Dent de Crolles via the Trou du Glaz
|Starting point: Col du Coq||Difficulty: 2||Ascent: 524 m||Time: 2 hrs||Quality: ***|
This walk offers the gentlest of introductions to the area (map), the relatively short ascent allowing time to explore the summit plateau en route. The time is for ascent only.
Park at the top of the col du Coq (1434 m grid ref. UTM 31T 72238 50205), and follow a path through the woods towards the Dent de Crolles (it divides after a few metres - keep to the right). This take you onto the pastures beneath the impressive summit cliffs. These pastures are a riot of colour in the spring. Follow the track up to the col des Ayes (1538 m), reached some 20 minutes after leaving the car, and turn right following the zigzags up towards the cliffs. At a junction near the top of the pasture, take the path to the left, which traverses above some steep slopes. After a further ten minutes, you reach the Trou du Glaz, one of the entrances to the extensive Dent de Crolles cave system. A cold draught blows out of the interior, and ice will be found covering the floor quite late in the season. With a couple of lights, it is safe to venture through the entrance chambers for some 250 m until the draught emerges from a narrow, greasy ascending rift. Beyond are a sequence of shafts, so you should turn back here, although you can get a flavour of what the cave is like further in by looking at the dedicated photograph album.
Continue from the Trou du Glaz, for a few metres until some cables can be seen ascending the cliffs on the right. Climb these easily, and follow the path up a few chimneys and across ledges, rising up the cliffs through a line of weakness. This part of the route is fun, but easy, and you gain height rapidly.
After another ten minutes, another junction is encountered. The path to the right is the Sangle de la Barrère. This will also take you to the summit of the Dent de Crolles via an impressive ledge system traversing the southern cliffs. This is a fine route, quite straight forward, but is probably best left for the descent.
Continuing straight on leads rapidly to the summit plateau. After being dominated by cliffs since leaving the car, it is good to reach the wide open views. After a few more metres, you will reach a cross-roads. This is an important junction, and it is useful to pause to take one's bearings.
To the left, a five minute and highly recommended detour will take you to the Belvédère. This is a high point on the ridge, which as its name implies, is an excellent view point. From it, one can look right down the Perquelin valley, to St. Pierre de Chartreuse and the café where you will probably be refreshing yourselves within a few hours. The spring flora here is quite exceptional, with a thick covering of elder flower orchids being particularly outstanding.
Straight on leads through the pavement and dwarf forest along the Tour de Chartreuse towards the col de Bellefont, and right leads towards the summit.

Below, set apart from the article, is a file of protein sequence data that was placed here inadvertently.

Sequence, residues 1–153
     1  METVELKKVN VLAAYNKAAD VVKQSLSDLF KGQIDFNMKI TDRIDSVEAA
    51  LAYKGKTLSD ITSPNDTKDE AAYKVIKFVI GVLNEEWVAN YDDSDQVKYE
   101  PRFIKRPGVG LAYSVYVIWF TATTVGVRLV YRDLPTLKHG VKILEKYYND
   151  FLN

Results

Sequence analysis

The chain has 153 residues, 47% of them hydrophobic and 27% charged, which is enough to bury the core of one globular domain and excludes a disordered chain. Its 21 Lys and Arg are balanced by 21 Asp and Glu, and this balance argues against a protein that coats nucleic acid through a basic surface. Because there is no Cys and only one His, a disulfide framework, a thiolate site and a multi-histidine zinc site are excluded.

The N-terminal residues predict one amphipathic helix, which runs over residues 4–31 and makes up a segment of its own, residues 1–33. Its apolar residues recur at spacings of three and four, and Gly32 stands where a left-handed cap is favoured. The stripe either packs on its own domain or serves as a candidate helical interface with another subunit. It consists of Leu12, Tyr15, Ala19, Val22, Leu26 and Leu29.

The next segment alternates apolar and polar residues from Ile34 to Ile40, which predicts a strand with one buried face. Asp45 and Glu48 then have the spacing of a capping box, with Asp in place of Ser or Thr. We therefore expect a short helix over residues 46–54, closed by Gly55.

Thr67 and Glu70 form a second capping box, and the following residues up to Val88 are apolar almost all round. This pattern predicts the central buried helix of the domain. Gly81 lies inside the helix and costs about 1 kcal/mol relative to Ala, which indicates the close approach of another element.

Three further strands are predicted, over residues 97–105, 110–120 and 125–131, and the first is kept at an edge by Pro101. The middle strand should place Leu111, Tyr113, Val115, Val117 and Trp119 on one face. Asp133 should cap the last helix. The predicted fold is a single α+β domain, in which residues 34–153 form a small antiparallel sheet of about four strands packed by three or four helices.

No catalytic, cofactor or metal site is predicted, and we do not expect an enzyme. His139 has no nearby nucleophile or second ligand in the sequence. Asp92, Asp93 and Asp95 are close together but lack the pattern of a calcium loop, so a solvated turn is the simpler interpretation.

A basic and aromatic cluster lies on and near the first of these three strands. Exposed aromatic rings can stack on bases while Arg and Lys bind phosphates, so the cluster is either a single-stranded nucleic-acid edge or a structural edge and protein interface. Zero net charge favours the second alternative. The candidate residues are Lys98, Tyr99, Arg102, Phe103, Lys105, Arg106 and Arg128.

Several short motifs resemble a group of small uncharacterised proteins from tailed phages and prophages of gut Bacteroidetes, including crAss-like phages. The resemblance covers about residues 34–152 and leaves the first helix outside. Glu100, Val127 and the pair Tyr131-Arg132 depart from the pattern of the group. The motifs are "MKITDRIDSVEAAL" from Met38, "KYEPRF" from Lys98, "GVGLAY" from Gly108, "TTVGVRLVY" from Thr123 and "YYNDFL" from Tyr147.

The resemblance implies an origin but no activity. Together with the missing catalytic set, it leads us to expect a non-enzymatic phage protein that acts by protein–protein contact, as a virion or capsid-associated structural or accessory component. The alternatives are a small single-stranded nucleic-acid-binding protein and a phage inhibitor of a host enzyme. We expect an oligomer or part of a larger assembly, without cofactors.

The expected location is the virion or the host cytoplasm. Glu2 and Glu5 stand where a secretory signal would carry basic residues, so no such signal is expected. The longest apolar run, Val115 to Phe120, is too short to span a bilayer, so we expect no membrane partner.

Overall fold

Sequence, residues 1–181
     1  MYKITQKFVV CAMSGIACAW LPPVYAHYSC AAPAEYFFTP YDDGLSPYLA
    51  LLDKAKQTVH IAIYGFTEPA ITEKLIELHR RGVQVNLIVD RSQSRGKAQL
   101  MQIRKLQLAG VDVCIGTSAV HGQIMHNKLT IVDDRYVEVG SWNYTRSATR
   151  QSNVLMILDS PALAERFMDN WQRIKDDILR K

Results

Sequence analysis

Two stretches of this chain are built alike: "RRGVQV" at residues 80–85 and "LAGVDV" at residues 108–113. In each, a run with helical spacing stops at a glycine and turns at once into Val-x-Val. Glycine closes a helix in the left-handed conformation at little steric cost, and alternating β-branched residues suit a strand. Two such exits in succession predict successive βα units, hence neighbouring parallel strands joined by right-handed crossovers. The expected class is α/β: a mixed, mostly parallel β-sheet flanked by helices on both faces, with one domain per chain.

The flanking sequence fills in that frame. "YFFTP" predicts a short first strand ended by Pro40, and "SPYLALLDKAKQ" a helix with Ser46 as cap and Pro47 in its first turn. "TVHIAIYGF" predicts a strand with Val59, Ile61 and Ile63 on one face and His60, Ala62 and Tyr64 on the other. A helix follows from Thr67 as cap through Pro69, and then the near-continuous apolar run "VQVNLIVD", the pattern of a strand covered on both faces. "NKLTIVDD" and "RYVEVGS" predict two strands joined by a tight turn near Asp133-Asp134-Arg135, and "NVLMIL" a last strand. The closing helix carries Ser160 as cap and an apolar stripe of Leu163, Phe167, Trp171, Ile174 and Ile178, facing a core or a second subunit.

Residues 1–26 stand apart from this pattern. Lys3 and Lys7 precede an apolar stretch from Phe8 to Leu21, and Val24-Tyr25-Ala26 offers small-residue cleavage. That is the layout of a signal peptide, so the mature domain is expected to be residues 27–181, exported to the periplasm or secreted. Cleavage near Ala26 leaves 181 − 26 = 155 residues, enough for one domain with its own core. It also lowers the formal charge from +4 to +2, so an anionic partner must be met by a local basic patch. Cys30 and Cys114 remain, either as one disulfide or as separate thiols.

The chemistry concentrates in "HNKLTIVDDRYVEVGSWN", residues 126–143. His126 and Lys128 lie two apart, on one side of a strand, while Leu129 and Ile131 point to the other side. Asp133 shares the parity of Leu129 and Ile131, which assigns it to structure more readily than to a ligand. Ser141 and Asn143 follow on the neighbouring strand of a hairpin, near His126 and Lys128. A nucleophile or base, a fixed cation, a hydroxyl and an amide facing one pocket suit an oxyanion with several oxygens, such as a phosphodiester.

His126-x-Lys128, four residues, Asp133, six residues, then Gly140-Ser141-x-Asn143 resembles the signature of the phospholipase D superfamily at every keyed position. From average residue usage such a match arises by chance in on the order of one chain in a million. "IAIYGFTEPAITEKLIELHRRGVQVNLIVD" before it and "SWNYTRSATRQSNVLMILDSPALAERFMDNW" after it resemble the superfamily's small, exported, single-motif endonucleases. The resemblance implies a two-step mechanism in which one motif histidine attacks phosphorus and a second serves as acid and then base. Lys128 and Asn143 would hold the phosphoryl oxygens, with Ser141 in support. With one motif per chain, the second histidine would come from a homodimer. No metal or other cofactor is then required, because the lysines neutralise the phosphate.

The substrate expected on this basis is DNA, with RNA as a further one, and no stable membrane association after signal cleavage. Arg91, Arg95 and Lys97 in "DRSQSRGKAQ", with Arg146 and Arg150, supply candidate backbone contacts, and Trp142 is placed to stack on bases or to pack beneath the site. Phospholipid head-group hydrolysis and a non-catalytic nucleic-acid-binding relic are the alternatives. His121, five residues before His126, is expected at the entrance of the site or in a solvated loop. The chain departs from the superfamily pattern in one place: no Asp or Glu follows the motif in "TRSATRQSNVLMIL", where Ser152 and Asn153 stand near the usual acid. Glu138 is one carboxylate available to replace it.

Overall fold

The kilometre or so to the summit can either be taken along the path to the left of the shallow valley which is well cairned by the PNRC, or more interestingly, you can wander up the limestone pavement up the synclinal valley itself. On the way up, you may spot the P40 pothole, which is the original top entrance to the caves underneath. It's a 30 metre deep shaft, a little too wide to jump over, with a plaque fastened to the wall. Experienced cavers can descend this shaft, to emerge either at the Trou du Glaz, or the Grotte du Guiers Mort over 600 metres below, according to taste.
On a clear day, the views from the summit (2062 m) are spectacular. The Belledonne hills can be seen over the haze-filled Isère valley to the east, and 100 kilometres to the north-east, the white mass of Mont Blanc seems to be hovering in the sky. To the north, west, and south, the Chartreuse massif fills the near and far horizons.
Apart from the way up, there are three possible descents back to the col du Coq. The least direct, and one which explores more of the fine plateau area follows the north ridge from the summit. Beyond the Roche du Midi, a small path, not marked on the map, descends and swings to the east. It passes a small spring in an open stretch of grassland - an idyllic place for a camp, and after crossing an area of pavement, finishes at the cross-roads below the Belvédère. Follow the route back towards the Trou du Glaz.
A way which is not particular recommended is to go directly back to the col des Ayes, via the Pas de l'Œille. This follows the fault gully which descends through the cliffs 100 metres north west of the summit. It is quite straight forward, apart from being steep, but it is a little loose in its upper reaches. Its descent does include a couple of steep rocky sections, but these are quite easy, and not exposed.
The third descent is by means of the Sangle de la Barrère, which takes a spectacular line along a system of wide grassy ledges along the southern cliffs. Whilst from below, the route looks impossible, it is, in fact, very easy, with but one somewhat exposed section near the beginning. The route starts just below the top of the Pas de l'Œille gully, and leads off towards the right. Note that it starts somewhat tentatively, well above the prominent pinnacle in the centre of the gully. After a few metres, the path leads round a somewhat exposed nose, but thereafter, it follows a wide ledge system, which descends back to near the top of the path from the Trou du Glaz. In spring, the fine bear's ear primroses are commonly found, clinging to crevices in the cliffs. This route is highly recommended.